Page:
How to Publish REST services using Oracle SOA Suite 12c

Hello and welcome!


Continuing our deep dive into the Oracle SOA Suite 12c, we will now explore the new REST adapter! That is something clients have been asking for a long time and it is finally here!

For our test I will create a REST POST web-service that will receive either XML, JSON or URL params and pass them to a BPEL process, so as always we will start creating a new SOA pŕoject:



After the process is created we will need to design our data structure for our example to work, to do that we will create a new XSD Schema file! Yes, we are creating a REST service, stay with me, we are going somewhere with this, here is my schema:

<?xml version="1.0" encoding="UTF-8" ?>
<xsd:schema xmlns:xsd="" xmlns:vrs=""
targetNamespace="" elementFormDefault="qualified">
<xsd:element name="restElement">
<xsd:element name="name" type="xsd:string"/>
<xsd:element name="dateTime" type="xsd:dateTime"/>

Important: If you want to create a schema from scratch like I am doing, on the “New Gallery” choose the “XML Schema” option not the “XSD Schema” this one is a wizard for creating XSDs based on file patterns, not covered on this post.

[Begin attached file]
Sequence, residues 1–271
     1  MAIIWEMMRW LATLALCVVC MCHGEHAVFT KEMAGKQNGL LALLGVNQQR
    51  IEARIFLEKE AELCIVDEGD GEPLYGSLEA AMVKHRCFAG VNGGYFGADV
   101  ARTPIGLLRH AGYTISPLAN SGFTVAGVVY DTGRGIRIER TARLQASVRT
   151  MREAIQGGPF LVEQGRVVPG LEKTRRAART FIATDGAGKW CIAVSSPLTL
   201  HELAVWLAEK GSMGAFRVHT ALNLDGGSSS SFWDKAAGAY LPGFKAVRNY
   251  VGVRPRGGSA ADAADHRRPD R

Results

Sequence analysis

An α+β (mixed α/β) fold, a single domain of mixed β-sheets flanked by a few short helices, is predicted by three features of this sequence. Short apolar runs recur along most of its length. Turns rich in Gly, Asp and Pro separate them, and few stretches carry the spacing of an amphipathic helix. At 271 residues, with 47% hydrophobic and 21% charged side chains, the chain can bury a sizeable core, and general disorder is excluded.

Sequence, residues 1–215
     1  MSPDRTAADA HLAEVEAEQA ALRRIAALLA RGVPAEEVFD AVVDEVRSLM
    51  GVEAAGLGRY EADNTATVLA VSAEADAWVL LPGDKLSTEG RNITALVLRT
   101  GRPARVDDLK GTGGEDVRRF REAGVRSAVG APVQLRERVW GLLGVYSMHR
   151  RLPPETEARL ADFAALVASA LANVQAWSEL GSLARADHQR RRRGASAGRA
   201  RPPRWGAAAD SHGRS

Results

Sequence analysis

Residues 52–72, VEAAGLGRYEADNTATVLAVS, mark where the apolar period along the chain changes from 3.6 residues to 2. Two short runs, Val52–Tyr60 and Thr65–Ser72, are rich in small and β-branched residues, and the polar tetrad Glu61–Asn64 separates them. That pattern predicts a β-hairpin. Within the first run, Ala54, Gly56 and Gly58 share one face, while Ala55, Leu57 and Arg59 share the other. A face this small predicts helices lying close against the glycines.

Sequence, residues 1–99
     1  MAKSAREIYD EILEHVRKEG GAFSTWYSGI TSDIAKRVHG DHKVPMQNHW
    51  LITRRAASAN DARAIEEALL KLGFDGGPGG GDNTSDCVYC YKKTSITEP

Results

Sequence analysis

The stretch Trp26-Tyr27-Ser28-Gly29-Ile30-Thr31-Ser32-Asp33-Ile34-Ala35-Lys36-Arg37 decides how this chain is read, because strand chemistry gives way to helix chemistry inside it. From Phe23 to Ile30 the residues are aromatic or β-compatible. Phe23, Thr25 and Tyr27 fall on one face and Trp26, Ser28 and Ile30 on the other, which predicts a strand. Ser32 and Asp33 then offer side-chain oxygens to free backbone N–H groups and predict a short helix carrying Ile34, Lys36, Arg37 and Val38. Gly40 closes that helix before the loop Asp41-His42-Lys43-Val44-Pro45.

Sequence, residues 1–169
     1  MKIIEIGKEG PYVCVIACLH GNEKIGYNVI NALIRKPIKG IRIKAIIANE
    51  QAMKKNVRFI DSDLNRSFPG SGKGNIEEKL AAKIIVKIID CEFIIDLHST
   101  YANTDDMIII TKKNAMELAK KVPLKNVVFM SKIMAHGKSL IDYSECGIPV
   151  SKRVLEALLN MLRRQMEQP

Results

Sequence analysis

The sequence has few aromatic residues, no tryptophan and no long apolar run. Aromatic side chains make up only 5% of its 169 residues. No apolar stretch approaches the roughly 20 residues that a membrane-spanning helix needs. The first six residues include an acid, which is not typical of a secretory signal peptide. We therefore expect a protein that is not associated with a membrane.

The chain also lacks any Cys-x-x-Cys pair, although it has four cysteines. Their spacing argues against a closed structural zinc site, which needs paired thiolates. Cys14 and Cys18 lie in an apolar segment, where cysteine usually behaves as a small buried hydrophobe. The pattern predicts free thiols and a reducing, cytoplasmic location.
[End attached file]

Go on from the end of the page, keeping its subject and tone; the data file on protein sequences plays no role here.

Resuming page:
Next we drag a REST Adapter from the Components Palette into the Exposed Services column at the composite.xml, this will bring up the “Create REST Binding” wizard:


At the “Operation Bindings” section, click on the “green plus sign” and then click on  “Add operation binding”, this will bring up the “REST Operation Binding” wizard:


At the “Request” tab you will see the options offered for payload: XML, JSON, URL-Encoded and No Payload, we are choosing all BUT No Payload.

You should have also noticed a Schema URL field available, we will click on that one’s search icon and select the  “restElement” element on the XSD we just created. The operation Name and HTTP verb is on the image below:


At the “Request” screen, on the “Payload” section there is a cogs button, this button creates data examples for the payloads we have selected, here are those it created when I clicked:


<restElement xmlns="">


  "name" : "name43",
  "dateTime" : "2014-07-22T16:06:58.415"



If you want the wizard will save these generated code on your Adapters folder within the project, it can be useful!

Now for our response tab I will also choose our xsd element and choose all data available BUT “No payload” again:


We are all set here, click OK to create the operation and OK again on the “Create REST binding” wizard.


Time to create our Synchronous BPEL process, drag a BPEL component to the composite.xml screen.
On the creation wizard, at the Input/Output section, select our XSD element for both and UNCHECK “Expose as a SOAP Service”:


Your composite should look like this:


A Mediator is all we need now to link both these guys:


Make sure you assign the payload values for input and output:


And do the same thing on your BPEL process:


If your process looks like this you are probably all set:


Finally we can deploy and test it, lets start with the basic XML Request and XML Response: